I have finished two books in the past few days. The first is The Accomplice by Kathryn Heyman. This book is a fictional account of the wreck of the Batavia, a Dutch ship, off the coast of Australia in 1629. The story is told from the point of view of Judith Bastiaansz, daughter of the minister on the ship. The first half of the novel details how Judith and her family come to set sail on the Batavia and daily life on the ship. At this point in the novel, I was feeling a bit confused about some of the characters and their motivations so I did some research about the true story of this shipwreck. This was helpful in understanding the story better, but did take away a bit from the suspense of what the inside flap describes as 'one of the most shocking events of the seventeenth century'. Heyman describes what life was like at sea for months at a time; I particularly liked how Judith's mother was written, you could sense her misgivings about the trip and increasing depression as it went on. The story of what was so shocking can be found here. This part of the book was very difficult to read and quite horrific. Overall, I am glad I read this book as I had no prior knowledge of these events.

The second book I finished was Plan B by Emily Barr. This was an entertaining book and a good choice for me to read in between working all weekend. I enjoy Barr's writing and the bit of suspense she includes in each of her books.

In other news, I was browsing the library's list of what they have on order and realized Lisa See has a new book coming out. I loved her last novel, Snow Flower and the Secret Fan. My girlfriend that I recommended it to described it as 'everything I was looking for in a book'. High praise indeed.

Thursday, June 7, 2007

And the rest.

I have had several events this week that have really cut into my reading time, so as I have not completed any books, I will share the rest of my ever growing stash.

This is the nonfiction stack. From top to bottom:

The Short and Long Times of Mrs Beeton - I've had my eye on this for awhile and like reading about this time period.

The Rare and the Beautiful- This is about the lives of the Garman sisters. I don't know anything about them, but I came across this and I am always up for biographies about sisters. I've also loved The Sisters:The Story of the Mitford Family and Victoria's Daughters.

The Seamstress - The holocaust survival story of a young woman. This is another favorite genre of mine.

Victorian London - I had been looking for a deal on this for some time.

Circle of Sisters - I have wanted to read this since I read another of Judith Flander's books Inside the Victorian Home which I loved. Again, this is another biography of sisters. This actually came from Half Price Book's recent sale.

The fiction stack:

The Moonstone - I've thought I would like this for some time.

The Singing Bird - Another book I've been looking for a good price on since the library doesn't have it. One of the only 'modern women's fiction' books here.

Pinkerton's Sister - Looks interesting, particularly for bibliophiles, but daunting in size.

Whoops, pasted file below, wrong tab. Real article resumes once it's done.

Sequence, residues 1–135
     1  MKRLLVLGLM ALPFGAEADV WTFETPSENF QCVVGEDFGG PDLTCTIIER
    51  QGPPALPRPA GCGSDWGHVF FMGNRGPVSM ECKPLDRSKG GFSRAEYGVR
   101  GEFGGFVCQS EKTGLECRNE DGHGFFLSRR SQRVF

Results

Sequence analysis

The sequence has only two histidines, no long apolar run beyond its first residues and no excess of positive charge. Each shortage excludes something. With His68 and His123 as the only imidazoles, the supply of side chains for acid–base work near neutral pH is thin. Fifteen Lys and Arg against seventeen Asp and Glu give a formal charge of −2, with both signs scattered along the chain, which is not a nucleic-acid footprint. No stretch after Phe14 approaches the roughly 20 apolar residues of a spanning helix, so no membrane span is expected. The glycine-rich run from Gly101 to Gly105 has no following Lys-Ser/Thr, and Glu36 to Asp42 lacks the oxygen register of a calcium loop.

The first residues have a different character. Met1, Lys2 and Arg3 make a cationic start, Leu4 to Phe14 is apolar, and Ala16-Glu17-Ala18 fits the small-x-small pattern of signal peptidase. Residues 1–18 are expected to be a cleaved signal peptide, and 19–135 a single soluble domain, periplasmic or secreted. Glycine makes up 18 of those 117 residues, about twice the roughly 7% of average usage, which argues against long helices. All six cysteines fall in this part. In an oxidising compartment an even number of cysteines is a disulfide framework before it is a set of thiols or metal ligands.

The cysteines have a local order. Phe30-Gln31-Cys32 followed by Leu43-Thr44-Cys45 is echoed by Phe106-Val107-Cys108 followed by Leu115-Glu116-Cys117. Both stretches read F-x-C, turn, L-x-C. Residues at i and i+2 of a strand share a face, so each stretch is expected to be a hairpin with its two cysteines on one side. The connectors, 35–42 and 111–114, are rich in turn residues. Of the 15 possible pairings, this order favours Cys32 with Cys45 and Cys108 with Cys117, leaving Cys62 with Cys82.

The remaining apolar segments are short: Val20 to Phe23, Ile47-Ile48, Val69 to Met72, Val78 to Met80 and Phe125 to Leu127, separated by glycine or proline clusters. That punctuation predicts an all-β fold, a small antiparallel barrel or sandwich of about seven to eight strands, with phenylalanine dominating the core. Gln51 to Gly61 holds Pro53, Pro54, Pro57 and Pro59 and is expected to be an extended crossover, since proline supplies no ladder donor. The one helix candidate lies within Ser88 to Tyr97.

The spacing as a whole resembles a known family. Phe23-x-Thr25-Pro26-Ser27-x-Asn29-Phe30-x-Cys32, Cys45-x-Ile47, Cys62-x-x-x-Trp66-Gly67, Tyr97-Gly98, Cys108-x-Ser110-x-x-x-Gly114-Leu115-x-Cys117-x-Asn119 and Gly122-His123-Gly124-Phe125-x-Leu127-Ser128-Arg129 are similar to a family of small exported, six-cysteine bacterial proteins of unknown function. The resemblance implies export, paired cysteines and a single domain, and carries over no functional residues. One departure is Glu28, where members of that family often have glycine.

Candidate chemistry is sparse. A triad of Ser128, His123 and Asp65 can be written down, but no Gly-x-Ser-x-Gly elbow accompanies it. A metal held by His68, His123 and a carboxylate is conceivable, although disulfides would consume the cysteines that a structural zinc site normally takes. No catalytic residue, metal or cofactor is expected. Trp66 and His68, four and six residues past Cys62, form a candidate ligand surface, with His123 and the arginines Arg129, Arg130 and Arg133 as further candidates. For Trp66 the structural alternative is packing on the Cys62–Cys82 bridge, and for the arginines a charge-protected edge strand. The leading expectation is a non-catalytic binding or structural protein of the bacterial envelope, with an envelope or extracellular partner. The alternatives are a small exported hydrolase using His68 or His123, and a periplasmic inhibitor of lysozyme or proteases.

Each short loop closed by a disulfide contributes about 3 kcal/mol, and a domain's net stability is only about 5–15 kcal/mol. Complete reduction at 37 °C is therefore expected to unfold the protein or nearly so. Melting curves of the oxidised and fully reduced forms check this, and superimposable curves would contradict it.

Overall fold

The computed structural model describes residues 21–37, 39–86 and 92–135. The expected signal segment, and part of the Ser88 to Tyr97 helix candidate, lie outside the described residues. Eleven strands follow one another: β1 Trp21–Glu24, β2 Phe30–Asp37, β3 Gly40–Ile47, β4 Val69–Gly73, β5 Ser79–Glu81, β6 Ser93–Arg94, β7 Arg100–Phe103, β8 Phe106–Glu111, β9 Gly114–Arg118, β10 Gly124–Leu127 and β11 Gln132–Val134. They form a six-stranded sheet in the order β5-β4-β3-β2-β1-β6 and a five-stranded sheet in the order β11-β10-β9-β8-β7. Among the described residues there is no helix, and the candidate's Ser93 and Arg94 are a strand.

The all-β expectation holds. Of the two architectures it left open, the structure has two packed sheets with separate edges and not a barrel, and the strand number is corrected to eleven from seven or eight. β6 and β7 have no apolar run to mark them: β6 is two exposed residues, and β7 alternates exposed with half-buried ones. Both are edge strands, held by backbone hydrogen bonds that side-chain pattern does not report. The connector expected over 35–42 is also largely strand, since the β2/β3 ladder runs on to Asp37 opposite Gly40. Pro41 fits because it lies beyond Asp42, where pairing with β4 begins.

The Vanishing Act of Esme Lennox - I've been hearing about this on some other blogs.

The Moonlit Cage - I really, really liked Linda Holeman's book The Linnet Bird and was happy to find another book by her. This is about a girl from Afghanistan traveling to 1850's England.

The Great Stink - I had been considering this when Nutmeg wrote a great review of it. Clare Clark's new book , The Nature of Monsters, looks great.

Hmmm. Notice any trends here? Women's fiction and historical fiction, women's history, books about the UK, specifically those set in Victorian times and early 20th century. Books about sisters, books about the holocaust. These books are a great snapshot of genres I love to read, and always seek out.

Wednesday, June 6, 2007

The Virago Collection Expands

Here are some Viragos I've added to my collection lately, through the used bookstore, mooches, and swaps.

I don't know much about any of these. Until I received Rumour of Heaven by Beatrix Lehmann, I did not connect the fact that she is Rosamond Lehmann's sister.

I've said it before and I'll say it again - I love the covers on these editions. Here are two of my favorites from this stack.

My Mother-in-law left Three Cups of Tea for us when she was here last week. She really enjoyed this book.

I have another stack here from Bookcloseouts which is so large I am embarrassed to show it. I would like to share one book in particular, Markham Thorpe, that I received from them. Karen reviewed this book a few weeks ago. It just sounds exactly like something I would enjoy. When it arrived I was pleased to discover that it will also come in handy as a decoration. You see, it matches my sofa perfectly.

Sunday, June 3, 2007

Weekend Happenings

Not a very clever title but there it is.

We have had an enjoyable weekend here despite the rain and general gloomy weather. I have finally made the time to watch the most recent BBC/Masterpiece Theater production of Jane Eyre and I absolutely loved it. The actors playing the lead roles were so perfect in their parts and it was filmed so beautifully. Jane Eyre is one of my favorite books and I think it lends itself so well to these dramatizations. I watched the second half last night. There was a storm outside and I had the door open and the lights off and it was quite the perfect mood for the film. I found my heart beating a little faster and a few tears in my eyes and thoroughly enjoyed watching it.